Tuesday, March 20, 2018
Lecture 5:30 p.m.
Reception immediately following
Annenberg Presidential Conference Center
1002 George Bush Drive West
College Station, TX
Dr. Jonathan Gruber
Dr. Jonathan Gruber with Dr. Laura Dague
On Tuesday, March 20, 2018, the Mosbacher Institute for Trade, Economics, and Public Policy and the Texas A&M Economics Department hosted a Conversation in Public Policy featuring Dr. Jonathan Gruber, the Ford Professor of Economics at the Massachusetts Institute of Technology and noted health economist. Dr. Gruber, who served as a technical consultant to the Obama Administration on the Affordable Care Act, shared his expertise in his talk entitled The Affordable Care Act: Will It Survive and What Comes Next?
The event began with welcoming remarks from Dr. Lori Taylor, Director of the Mosbacher Institute, and an introduction of Dr. Gruber by Dr. Jason Lindo, Associate Professor of Economics at Texas A&M University.
Dr. Gruber began his talk with a description of the origins of the Affordable Care Act (ACA) in the Republican healthcare plan he helped design and implement in Massachusetts during Mitt Romney’s governorship. The Romneycare plan, he said, was based on a three-legged stool of (1) requiring health insurance companies to stop discriminating on the basis of preexisting health conditions, (2) distributing the insurance pool risk across more healthy people with the individual mandate requirement, and (3) helping people who could not afford insurance with subsidies. He noted that while the first part was very popular, all three legs were critical to the reform.
Keeping the crowd engaged with humorous remarks and anecdotes, Dr. Gruber argued that the ACA fairly successfully accomplished its goals of increasing insurance coverage among Americans and fixing a broken healthcare market, but that the evidence on whether it has lowered healthcare costs remains inconclusive. Dr. Gruber also predicted that, with the repeal of the individual mandate, insurance companies would have to increase premiums. For the future, Dr. Gruber predicted that policy goals would revolve around controlling costs, with the means of doing so depending on the political party in control.
In the second half of the program, Assistant Professor Laura Dague of the Bush School of Government and Public Service engaged Dr. Gruber in an on-stage discussion, asking questions submitted by the audience along with her own. Dr. Dague, the Bush School’s own expert in health policy, pressed Dr. Gruber on a variety of topics, beginning with how healthcare markets differ economically from other markets. The two economists also discussed the possibility of the uninsured rate increasing due to recent policy changes to the penalty for not buying insurance. Additionally, the conversation touched on why the health insurance reimbursement system in the United States may cause technology to increase costs instead of decrease, as it does in other markets, and how public policies could begin to tackle the difficult task of modifying unhealthy individual behaviors.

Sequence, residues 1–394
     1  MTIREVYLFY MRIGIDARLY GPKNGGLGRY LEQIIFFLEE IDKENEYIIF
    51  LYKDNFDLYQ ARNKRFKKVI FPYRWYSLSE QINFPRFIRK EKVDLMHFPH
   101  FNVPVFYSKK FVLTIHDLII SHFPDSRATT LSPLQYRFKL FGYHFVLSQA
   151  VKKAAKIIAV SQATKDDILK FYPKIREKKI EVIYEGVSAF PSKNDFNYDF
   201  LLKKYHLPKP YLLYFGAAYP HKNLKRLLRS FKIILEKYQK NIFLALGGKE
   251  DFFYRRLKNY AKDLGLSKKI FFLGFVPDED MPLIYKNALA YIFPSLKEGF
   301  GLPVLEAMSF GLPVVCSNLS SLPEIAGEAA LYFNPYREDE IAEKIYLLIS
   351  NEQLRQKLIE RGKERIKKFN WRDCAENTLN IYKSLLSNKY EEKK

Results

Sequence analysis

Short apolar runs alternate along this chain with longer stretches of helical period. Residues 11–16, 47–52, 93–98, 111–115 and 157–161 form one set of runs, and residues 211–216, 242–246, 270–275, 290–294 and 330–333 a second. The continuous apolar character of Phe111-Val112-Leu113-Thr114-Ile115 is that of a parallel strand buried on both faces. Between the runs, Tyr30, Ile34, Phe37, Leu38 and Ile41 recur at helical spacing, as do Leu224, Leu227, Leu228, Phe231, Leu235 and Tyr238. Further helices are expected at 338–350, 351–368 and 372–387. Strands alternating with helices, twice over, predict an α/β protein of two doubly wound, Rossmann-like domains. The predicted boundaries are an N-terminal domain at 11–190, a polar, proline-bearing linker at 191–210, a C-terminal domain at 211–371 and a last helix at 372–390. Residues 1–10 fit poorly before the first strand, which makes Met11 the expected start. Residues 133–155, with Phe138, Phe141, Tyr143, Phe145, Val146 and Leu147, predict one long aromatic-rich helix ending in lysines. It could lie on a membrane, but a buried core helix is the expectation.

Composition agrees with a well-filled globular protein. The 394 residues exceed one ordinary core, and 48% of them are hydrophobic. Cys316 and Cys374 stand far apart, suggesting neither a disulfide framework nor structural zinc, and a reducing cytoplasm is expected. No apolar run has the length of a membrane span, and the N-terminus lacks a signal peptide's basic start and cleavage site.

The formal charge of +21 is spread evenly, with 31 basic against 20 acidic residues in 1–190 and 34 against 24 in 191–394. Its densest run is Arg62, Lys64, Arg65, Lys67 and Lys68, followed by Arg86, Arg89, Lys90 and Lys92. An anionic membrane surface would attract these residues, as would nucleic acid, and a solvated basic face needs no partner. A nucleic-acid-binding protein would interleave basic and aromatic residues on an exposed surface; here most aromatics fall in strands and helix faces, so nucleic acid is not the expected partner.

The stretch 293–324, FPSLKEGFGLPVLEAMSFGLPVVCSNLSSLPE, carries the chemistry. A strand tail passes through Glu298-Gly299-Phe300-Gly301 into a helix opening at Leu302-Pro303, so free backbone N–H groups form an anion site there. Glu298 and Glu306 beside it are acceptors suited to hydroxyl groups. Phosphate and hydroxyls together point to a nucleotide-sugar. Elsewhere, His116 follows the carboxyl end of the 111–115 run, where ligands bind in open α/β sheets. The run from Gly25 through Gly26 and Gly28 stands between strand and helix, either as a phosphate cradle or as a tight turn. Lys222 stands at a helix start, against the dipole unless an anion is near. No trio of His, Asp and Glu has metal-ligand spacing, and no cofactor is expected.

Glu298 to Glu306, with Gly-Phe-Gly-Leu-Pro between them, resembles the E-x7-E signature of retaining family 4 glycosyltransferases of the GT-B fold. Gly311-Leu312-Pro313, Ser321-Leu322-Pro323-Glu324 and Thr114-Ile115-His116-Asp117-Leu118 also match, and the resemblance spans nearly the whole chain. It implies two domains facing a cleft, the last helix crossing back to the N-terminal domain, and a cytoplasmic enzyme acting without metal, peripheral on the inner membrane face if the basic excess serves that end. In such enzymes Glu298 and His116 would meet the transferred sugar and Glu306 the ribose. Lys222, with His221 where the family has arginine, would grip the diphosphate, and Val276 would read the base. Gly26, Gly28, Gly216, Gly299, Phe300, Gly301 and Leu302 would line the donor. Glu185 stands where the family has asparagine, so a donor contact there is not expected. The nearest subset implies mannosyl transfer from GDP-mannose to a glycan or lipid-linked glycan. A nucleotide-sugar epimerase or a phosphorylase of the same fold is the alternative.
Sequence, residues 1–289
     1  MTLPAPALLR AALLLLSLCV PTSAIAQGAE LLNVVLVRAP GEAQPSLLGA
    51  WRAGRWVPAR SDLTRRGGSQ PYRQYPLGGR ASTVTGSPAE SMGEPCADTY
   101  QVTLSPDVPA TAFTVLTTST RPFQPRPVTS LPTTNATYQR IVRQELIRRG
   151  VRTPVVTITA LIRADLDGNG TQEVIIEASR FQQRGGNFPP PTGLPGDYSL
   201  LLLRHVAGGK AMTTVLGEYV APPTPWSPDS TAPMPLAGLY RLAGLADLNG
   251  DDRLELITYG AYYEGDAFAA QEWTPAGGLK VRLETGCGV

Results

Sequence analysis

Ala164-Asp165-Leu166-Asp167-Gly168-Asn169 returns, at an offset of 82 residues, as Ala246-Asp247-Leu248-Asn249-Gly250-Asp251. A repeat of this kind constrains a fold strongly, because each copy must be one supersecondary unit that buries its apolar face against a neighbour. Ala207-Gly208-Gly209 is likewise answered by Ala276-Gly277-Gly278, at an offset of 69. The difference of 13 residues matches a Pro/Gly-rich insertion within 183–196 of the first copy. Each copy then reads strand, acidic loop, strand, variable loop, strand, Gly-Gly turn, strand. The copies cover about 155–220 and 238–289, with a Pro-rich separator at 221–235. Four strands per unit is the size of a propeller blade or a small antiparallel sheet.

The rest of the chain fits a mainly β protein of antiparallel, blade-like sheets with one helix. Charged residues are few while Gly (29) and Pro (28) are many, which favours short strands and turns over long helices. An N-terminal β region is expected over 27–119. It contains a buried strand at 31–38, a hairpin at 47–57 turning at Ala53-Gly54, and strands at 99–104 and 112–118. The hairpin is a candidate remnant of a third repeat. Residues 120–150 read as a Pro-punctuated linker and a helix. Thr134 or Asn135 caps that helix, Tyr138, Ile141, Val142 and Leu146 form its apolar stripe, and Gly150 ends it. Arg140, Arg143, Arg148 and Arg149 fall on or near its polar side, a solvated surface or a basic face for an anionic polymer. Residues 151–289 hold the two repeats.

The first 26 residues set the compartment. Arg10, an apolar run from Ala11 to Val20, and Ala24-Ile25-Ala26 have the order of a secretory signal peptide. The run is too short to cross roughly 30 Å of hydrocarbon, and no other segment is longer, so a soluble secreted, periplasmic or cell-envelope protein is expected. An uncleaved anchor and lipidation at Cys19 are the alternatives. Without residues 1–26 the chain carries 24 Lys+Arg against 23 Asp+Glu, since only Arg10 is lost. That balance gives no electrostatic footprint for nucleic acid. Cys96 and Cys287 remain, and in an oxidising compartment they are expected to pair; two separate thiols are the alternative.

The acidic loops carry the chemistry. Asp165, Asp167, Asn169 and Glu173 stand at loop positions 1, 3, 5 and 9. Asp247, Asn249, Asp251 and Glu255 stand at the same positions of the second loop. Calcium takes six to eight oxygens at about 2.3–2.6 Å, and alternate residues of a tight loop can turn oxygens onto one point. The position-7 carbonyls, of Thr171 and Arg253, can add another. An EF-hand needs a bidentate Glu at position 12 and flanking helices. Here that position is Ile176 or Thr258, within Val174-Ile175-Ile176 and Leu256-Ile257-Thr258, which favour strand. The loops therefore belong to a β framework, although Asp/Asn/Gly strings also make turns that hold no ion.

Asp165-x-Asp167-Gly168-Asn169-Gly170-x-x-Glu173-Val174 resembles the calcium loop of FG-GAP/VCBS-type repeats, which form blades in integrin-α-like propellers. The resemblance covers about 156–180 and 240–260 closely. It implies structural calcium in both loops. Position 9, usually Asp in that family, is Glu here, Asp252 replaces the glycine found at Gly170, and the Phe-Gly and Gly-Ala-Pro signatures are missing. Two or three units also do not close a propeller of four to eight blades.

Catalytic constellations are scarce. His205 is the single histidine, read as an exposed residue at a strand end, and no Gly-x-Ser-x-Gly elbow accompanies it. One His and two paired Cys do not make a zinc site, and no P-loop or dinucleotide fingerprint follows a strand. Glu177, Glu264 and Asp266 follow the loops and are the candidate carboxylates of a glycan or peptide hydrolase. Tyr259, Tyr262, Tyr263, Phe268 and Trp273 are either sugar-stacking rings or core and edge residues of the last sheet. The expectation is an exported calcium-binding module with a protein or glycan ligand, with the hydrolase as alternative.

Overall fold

Before closing the program, Dr. Taylor presented Dr. Gruber with a plaque commemorating his visit to Texas A&M University and invited everyone to a reception in the lobby.
Dr. Jonathan Gruber is the Ford Professor of Economics at the Massachusetts Institute of Technology, where he has taught since 1992. He is also the Director of the Health Care Program at the National Bureau of Economic Research, and President of the American Society of Health Economists. He is a member of the Institute of Medicine, the American Academy of Arts and Sciences, the National Academy of Social Insurance, and the Econometric Society. He has published more than 160 research articles, has edited six research volumes, and is the author of Public Finance and Public Policy, a leading undergraduate text, and Health Care Reform, a graphic novel. In 2006 he received the American Society of Health Economists Inaugural Medal for the best health economist in the nation aged 40 and under.
During the 1997-1998 academic year, Dr. Gruber was on leave as Deputy Assistant Secretary for Economic Policy at the Treasury Department. From 2003-2006 he was a key architect of Massachusetts’ ambitious health reform effort, and in 2006 became an inaugural member of the Health Connector Board, the main implementing body for that effort. During 2009-2010 he served as a technical consultant to the Obama Administration and worked with both the Administration and Congress to help craft the Patient Protection and Affordable Care Act. In 2011 he was named “One of the Top 25 Most Innovative and Practical Thinkers of Our Time” by Slate Magazine. In both 2006 and 2012 he was rated as one of the top 100 most powerful people in health care in the United States by Modern Healthcare Magazine. Dr. Gruber is the Chair of the Industry Advisory Board for Flare Capital Partners, and is on the board of the Health Care Cost Institute.